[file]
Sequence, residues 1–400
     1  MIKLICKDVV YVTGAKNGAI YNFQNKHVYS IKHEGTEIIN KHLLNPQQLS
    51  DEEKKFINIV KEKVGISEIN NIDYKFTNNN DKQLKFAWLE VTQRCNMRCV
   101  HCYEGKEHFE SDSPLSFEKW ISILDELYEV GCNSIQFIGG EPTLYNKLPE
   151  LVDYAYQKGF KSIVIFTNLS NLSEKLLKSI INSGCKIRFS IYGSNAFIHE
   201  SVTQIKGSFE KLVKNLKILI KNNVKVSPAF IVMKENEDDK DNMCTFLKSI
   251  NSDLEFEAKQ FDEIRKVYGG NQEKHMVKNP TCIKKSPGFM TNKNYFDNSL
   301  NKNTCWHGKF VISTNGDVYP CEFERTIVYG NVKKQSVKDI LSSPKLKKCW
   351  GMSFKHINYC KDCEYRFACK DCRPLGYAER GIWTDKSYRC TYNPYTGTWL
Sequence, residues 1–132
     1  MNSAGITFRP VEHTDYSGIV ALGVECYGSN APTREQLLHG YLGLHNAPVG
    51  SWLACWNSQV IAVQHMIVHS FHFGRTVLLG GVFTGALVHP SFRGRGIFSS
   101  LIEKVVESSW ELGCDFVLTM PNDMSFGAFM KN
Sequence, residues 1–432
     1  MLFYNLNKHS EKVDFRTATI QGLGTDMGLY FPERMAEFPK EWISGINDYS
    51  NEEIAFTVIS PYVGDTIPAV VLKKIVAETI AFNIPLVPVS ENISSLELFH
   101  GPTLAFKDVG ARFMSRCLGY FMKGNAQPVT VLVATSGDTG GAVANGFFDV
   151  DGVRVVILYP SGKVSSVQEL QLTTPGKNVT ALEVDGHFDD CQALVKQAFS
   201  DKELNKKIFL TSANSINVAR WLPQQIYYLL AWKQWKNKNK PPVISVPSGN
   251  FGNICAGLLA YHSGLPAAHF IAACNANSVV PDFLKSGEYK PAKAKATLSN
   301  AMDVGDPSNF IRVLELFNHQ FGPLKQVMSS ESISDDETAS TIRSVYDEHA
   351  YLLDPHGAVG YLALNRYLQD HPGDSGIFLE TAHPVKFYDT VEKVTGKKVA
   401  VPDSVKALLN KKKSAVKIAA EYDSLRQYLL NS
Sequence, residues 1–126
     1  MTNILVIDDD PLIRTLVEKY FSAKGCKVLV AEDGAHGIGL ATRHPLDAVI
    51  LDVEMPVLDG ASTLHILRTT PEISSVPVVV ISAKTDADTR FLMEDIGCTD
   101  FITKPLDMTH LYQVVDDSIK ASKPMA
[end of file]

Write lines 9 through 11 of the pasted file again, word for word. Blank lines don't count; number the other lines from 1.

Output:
   351  GMSFKHINYC KDCEYRFACK DCRPLGYAER GIWTDKSYRC TYNPYTGTWL
Sequence, residues 1–132
     1  MNSAGITFRP VEHTDYSGIV ALGVECYGSN APTREQLLHG YLGLHNAPVG